Sep 3, 2020
Longtime Ohio agriculture advocate David Kelly dies at age 79

The Ohio Produce Growers and Marketers Association said Sept. 3 it would like to keep the family of David Kelly in their thoughts and prayers for their recent lose.

According to his obituary, David Michael (Moses) Kelly, 79, died at home on Monday, Aug. 24, 2020. David was preceded in death by his wife, Pam, in 2013. David was born in raised in Gahanna Ohio, to Mildred and Willis Kelly on Sept. 23, 1941.

After graduating from Gahanna High School, David entered the Air Force and was somehow selected for duty on an “isolated detachment” in Saudi Arabia during the years when the United States was not in Saudi Arabia (1961). During his military time, David developed his penchant for seasoning most meals with ketchup. After his oft recalled 13 months and four days in the desert, he finished out his military service at Dow Air Force Base in Maine.

When his service time was up, he darkened the doorways at the Ohio State University to graduate with a BS in Agriculture. While working for Hunt-Wesson Foods, David developed his affinity for growing tomatoes, penning his treatise, “The Fieldman’s Handbook for Tomatoes.”

During his 36 years as the general manager of the Ohio Potato Growers Association, David worked with Ohio farmers to further the state’s agricultural production and standing, serving as Chairman of National Potato Council Managers’ Advisory Committee Task Force, Chairman of Study on Potato Research Funding, President of OSU Horticulture Council, National Potato Council Governmental Relations Committee, the Ohio State University Horticulture Council, the Ohio Agricultural Energy Committee, Chairman of Study on Potato Research Funding, as well as countless other projects and years of research at OSU’s Wooster campus.

A Two-Time Recipient of the President’s Award, National Potato Council, for Dedication and Service to the Potato Industry, December 1979 & January 1984 and a 1999 Ohio Vegetable and Potato Growers Distinguished Service Award, David’s work on behalf of Ohio Agriculture was well known. His years of agricultural work allowed him to wander all the country roads in Ohio with his research partner and mentor, Gene Wittmeyer, reviewing plants, consulting and taste testing for the best pies and buffet lunches Ohio had to offer – recommendations that he loved handing out to anyone who had been anywhere he had been.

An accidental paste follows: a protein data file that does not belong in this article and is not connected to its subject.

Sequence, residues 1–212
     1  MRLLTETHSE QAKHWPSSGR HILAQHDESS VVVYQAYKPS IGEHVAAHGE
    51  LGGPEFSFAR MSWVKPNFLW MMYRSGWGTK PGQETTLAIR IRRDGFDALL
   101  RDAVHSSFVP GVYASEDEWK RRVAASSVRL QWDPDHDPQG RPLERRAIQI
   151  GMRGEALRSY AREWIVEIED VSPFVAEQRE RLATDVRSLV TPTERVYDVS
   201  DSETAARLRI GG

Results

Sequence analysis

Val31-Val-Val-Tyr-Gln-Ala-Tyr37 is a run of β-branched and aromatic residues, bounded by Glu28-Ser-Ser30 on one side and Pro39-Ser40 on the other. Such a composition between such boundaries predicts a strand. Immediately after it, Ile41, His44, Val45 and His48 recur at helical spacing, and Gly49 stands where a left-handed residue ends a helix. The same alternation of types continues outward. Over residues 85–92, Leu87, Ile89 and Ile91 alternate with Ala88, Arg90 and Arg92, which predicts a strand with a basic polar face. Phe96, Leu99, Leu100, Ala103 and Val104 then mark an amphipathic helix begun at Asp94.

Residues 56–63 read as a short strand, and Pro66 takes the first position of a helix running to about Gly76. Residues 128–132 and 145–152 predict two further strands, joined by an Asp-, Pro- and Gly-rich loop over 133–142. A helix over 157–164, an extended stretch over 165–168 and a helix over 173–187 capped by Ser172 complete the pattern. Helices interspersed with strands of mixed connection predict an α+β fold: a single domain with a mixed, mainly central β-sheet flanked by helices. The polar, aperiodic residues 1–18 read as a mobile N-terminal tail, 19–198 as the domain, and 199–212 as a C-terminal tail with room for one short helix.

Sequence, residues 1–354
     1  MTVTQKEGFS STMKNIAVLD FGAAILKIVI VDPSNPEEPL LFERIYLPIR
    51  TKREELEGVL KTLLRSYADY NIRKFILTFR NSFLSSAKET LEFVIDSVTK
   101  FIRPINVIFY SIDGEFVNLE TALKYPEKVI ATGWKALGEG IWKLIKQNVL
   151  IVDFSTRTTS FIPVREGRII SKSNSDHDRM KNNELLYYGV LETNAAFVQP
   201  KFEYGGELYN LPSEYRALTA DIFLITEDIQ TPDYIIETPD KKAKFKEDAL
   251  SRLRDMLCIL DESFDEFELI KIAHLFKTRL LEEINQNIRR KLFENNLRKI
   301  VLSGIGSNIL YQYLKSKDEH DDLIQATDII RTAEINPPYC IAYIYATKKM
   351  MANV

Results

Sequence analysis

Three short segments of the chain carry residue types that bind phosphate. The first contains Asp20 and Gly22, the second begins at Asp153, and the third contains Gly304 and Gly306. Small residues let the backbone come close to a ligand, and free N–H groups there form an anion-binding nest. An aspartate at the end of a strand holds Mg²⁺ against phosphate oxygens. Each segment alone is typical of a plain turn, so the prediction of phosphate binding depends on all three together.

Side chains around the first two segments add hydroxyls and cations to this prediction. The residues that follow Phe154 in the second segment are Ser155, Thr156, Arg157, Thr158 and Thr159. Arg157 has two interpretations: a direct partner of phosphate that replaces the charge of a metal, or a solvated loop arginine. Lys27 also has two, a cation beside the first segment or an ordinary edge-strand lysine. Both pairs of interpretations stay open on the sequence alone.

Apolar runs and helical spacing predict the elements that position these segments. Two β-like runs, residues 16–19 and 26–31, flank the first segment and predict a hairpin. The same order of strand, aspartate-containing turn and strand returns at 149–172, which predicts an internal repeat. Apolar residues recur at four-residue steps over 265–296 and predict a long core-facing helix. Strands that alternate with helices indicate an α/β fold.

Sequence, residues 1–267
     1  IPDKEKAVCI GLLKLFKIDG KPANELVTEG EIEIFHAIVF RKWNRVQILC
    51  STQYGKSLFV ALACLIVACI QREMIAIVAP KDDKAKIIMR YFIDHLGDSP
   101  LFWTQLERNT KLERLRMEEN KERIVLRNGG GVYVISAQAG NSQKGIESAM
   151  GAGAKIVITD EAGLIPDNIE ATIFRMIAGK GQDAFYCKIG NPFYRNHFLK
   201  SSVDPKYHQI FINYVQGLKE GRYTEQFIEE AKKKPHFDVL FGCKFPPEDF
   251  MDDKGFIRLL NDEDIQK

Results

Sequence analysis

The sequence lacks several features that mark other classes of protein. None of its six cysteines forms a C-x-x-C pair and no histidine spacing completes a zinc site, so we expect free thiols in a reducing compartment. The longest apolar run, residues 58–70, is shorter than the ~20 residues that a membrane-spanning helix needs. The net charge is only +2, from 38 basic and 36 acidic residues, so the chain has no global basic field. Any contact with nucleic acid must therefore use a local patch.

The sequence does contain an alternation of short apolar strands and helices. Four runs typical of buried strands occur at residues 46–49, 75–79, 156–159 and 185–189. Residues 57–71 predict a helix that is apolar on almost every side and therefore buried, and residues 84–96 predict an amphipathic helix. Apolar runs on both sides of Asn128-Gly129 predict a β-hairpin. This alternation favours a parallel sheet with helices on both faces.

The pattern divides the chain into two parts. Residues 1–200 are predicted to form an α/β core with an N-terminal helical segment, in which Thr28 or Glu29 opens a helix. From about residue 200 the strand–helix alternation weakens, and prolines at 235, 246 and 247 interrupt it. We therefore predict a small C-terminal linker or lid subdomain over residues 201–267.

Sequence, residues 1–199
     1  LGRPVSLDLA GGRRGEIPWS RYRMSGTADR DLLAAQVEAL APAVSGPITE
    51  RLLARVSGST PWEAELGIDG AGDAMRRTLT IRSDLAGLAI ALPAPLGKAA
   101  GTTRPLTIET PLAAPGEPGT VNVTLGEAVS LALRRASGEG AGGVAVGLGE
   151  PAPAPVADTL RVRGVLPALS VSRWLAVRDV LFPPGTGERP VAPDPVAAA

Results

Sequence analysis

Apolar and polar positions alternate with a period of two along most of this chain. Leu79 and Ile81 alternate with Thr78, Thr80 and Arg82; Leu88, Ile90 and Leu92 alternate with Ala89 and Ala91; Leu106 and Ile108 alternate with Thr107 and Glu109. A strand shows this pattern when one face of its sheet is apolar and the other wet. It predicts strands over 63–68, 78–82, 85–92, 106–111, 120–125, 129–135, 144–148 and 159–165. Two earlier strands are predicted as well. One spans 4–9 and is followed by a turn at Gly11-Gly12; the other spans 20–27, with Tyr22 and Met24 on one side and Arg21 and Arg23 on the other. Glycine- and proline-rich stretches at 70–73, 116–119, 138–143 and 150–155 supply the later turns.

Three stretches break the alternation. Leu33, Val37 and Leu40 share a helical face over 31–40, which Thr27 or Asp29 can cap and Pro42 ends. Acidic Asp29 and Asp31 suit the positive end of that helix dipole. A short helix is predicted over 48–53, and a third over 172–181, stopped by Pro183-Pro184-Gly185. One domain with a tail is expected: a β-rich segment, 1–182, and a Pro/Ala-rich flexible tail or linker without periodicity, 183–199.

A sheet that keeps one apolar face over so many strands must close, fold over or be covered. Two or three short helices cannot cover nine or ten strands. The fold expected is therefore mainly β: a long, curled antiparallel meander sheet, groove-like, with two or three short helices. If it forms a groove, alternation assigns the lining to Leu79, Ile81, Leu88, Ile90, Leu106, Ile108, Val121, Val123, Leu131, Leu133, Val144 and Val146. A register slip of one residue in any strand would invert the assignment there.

Father to three children, David was an active participant in their lives, coaching a variety of youth baseball and softball teams and being team photographer for years. Being a father was, by far, his greatest pride. Having had a father who was certainly no role model for raising children, David did pretty ok. David’s fathering extended to neighborhood kids and grandkids – especially if it involved science projects about plants or identifying bugs. There were countless film canisters over the years with sample critters for identification in the kitchen. I

n his spare time, David was very active in the community, serving as Post Commander and later Adjutant of the American Legion Post 239 (including the Weasel Piss Lounge), Worthington Youth Boosters – as Coach, Board Member and President, Team photographer for ONU Wrestling Program and School Photographer for Starling Middle School. David also had a photography business, photographing OSU football for newspapers, weddings and countless other local sporting events. David spent years photographing for Bob Miller’s basketball program at Thomas Worthington High School.

After retirement, David began his second career at the Worthington Hardware, a profession that allowed him to indulge in two of his better skills – sharpening things and collecting flashlights (a collection that covered the globe). Adored by the local canine residents, the hardware was a frequent stop for the never ending supply of milk bones he kept in his pocket.

His retirement also included taking leisurely walks through the back ¼ acre, surveying the grass, hand trimming the Rose of Sharon, charting the movements of the bird population (with special attention to the hawk) and plotting the demise of the local squirrel and chipmunk populations. Even in his retirement, David continued to consult for a variety of farms and agricultural organizations throughout Ohio and Maine.

While able to successful grow any vegetable, he archly refused to eat most of them and would never shy away from espousing the character flaws of mushrooms, asparagus or eggplant. There was not a potato dish that he would refuse, having once dined on a $10,000 breakfast of home fries when his (now) departed wife accidentally cooked up a research plot harvest.

There will be a loss felt in sales of rubber bands, Ziploc bags and plastic containers, as we’ve unearthed a collection that should hold us well into the next decade. David is survived by his children, Megan, Ryan (Leslie) and Darin (Cerah), five grandchildren, his brother John, sisters Karen, Marilyn & Ann, nieces, a nephew and an ever-burgeoning population of squirrels and chipmunks.

David will be laid to rest by the American Legion Post 239 Color Guard on Saturday, Sept. 26 at Resurrection Catholic Cemetery (oh, the irony) and a memorial service will follow at the American Legion Post 239 in Worthington, Ohio for friends and family. In lieu of flowers, we ask that donations be made to The Gene and Gladys Wittmeyer Knox Vegetable Scholarship Endowment #647689 at The Ohio State University Foundation, PO Box 710811, Columbus, OH 43271. He would also like you to go plant some flowers and put up a bird feeder in your yard.

The Rutherford-Corbin Funeral Home is in charge of arrangements. Condolences to www.rutherfordfuneralhome.com.





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